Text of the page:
“We are not complacent about the difficulties. We are extremely open. I wish that all our partners were so open about their own difficulties. We are extremely open and we are engaging our partners but we are certainly not coming here to receive lessons from nobody.”

Barosso also criticized some countries for not pledging money to the International Monetary Fund. The IMF is trying to raise $430 billion in rainy-day cash in case the economy tanks.

“Even euro-area member states alone are the biggest contributors, bigger than the United States — certainly much, much, much bigger than Canada — so the biggest contribution for the IMF all these years has been from European member states,” said the head of the European Commission.

“And it is quite interesting to note that even in times of crisis, now when we have decided to increase the funding for the IMF, once again, it is the European member states that have given the biggest part, the biggest share. And we are on time to do it. Others, unfortunately, are not on time.”

The world’s largest emerging economies were poised to announce Monday contributions to the IMF at the G20 meetings.

But Harper says Europe has the resources to deal with the debt crisis on its own. He has rejected the idea of pledging more money to the IMF. Canada already pledged $10 billion to the fund in 2009.

The two-day summit in Mexico wraps up Tuesday.

Just Posted

Spring book sale this weekend in Red Deer

Red Deerians can get lost in a world of inexpensive books this… Continue reading

Central Alberta wildlife rehab facility not prepared to take orphaned bear cubs, yet

It’s been about eight years since the Medicine River Wildlife Centre was… Continue reading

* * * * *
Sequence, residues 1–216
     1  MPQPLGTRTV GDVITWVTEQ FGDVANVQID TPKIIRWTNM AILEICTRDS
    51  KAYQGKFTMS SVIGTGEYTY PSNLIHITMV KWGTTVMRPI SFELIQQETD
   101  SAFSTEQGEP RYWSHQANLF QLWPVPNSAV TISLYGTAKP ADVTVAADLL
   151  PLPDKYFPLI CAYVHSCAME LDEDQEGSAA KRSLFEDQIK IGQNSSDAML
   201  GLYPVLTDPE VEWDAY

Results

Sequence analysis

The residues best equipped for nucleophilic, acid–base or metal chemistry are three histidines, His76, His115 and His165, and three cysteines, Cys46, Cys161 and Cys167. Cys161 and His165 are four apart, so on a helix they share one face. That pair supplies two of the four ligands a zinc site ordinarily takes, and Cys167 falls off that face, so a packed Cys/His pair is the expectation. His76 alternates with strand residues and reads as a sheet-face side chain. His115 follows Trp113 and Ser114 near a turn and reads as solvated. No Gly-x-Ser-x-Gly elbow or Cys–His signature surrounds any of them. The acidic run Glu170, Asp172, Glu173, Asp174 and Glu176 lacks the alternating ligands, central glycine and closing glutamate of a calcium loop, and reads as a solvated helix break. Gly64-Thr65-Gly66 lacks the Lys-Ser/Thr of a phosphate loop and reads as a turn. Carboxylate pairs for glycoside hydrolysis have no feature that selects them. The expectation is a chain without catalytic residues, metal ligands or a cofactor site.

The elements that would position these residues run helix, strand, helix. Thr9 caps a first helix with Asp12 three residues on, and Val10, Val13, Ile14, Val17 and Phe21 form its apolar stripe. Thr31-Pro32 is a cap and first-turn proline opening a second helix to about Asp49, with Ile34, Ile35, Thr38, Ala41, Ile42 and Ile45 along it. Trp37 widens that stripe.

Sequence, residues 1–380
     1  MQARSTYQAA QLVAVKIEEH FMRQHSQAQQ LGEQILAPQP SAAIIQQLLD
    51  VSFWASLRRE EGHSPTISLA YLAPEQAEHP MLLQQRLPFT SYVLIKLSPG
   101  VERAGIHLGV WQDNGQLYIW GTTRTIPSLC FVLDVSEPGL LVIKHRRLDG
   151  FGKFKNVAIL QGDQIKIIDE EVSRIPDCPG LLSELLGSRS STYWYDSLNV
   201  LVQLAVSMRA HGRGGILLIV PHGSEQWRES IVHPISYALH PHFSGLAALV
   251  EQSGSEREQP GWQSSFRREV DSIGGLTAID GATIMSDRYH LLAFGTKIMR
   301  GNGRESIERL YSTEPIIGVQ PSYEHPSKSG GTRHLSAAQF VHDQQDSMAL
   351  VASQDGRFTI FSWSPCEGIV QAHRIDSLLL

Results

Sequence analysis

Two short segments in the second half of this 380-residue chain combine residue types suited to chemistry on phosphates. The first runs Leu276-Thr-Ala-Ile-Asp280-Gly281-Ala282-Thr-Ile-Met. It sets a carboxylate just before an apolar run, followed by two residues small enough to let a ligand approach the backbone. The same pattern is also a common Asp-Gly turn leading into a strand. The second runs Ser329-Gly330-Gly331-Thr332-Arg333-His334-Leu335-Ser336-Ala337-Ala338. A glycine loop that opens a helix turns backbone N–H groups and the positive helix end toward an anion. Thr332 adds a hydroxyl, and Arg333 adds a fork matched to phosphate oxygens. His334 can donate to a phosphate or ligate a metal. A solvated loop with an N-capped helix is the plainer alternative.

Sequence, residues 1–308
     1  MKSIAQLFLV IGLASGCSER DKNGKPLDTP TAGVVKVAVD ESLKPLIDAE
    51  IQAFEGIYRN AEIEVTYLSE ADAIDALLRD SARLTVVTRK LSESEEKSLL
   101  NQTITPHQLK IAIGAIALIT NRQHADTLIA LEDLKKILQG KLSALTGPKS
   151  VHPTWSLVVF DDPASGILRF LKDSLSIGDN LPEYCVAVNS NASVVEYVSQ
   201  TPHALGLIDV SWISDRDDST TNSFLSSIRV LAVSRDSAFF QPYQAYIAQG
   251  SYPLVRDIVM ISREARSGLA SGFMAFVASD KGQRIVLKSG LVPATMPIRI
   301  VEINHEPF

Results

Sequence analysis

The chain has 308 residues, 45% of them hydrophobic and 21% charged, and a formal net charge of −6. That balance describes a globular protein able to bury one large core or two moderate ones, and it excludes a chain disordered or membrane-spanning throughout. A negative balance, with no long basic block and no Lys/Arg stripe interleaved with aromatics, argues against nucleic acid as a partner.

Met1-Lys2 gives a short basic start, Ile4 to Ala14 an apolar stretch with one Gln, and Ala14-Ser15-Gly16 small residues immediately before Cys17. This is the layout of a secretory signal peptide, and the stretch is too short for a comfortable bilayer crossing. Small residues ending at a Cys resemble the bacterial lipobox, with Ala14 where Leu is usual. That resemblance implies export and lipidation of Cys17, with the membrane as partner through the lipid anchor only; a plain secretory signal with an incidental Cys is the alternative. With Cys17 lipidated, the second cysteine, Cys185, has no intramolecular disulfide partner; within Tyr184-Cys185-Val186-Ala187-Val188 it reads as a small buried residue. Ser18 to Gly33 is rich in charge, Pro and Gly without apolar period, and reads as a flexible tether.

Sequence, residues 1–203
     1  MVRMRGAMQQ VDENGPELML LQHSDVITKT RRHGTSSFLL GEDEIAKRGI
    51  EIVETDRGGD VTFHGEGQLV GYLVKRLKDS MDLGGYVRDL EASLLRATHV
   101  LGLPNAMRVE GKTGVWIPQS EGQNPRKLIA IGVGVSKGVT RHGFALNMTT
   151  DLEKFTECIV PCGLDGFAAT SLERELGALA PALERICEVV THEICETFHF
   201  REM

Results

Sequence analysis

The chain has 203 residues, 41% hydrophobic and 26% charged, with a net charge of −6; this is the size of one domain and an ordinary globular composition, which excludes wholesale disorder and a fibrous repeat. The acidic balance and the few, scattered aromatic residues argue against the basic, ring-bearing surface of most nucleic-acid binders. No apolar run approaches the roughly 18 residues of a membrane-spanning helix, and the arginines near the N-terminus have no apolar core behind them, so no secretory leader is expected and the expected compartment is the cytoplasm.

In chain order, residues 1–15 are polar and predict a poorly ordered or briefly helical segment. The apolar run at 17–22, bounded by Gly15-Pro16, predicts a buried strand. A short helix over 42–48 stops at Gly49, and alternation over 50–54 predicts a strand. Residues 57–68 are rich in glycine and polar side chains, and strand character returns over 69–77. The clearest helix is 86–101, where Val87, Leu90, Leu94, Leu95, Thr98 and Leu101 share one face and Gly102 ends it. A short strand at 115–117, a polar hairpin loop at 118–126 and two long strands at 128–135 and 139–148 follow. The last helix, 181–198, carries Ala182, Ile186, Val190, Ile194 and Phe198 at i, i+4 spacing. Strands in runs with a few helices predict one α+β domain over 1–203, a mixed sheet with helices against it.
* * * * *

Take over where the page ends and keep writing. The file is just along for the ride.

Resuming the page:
Regional sewage line moving ahead despite concerns

Cost sharing among concerns of municipalities involved in Sylvan Lake-to-Red Deer sewage line

Red Deer family who lost everything in house fire begin rebuilding

Couple had moved into north-end home only two days before basement fire

Tory Leader Andrew Scheer says he doesn’t feel betrayed by Maxime Bernier

MONTREAL — Andrew Scheer says he doesn’t feel betrayed by former Tory… Continue reading

WATCH: Fine wine and food at Red Deer College

The Red Deer College Alumni Association hosted its 14th annual Fine Wine… Continue reading

Boston’s Tuukka Rask, Riley Nash step up in Game 4 win over Leafs

Bruins 3 Maple Leafs 1 TORONTO — The Boston Bruins didn’t need… Continue reading

Supreme Court ruling corks B.C. vintners’ hopes for free trade of Canadian wines

VANCOUVER — The Supreme Court of Canada ruling upholding interprovincial trade laws… Continue reading

Lance Armstrong settles $100M lawsuit with U.S. government

Disgraced cyclist reached $5-million settlement with sponsor U.S. Postal Service

Montreal couple hoping city lets them keep beloved pet pig named Babe

MONTREAL — Babe the pig spends his days sleeping, going for walks… Continue reading

WATCH: This is a story about a stoned raccoon at a fire station

An unusual pair showed up in the pre-dawn hours at Fire Station… Continue reading

Plastic makers’ credit ratings may be hit by pollution rules

Plastic packaging makers may be less credit-worthy in the future as governments… Continue reading

Black Press Media acquires two new Alaska newspapers

New Media Investment Group to acquire the Akron (OH) Beacon Journal while Black Press Media takes on daily newspapers in Juneau and Kenai Alaska

‘Dining of the future’: vegan restaurant boom fuelled by meat eaters

Foodies say Canada is in the midst of a renaissance in plant-based… Continue reading

Most Read


Five-day delivery plus unlimited digital access for $185 for 260 issues (must live in delivery area to qualify) Unlimited Digital Access 99 cents for the first four weeks and then only $15 per month Five-day delivery plus unlimited digital access for $15 a month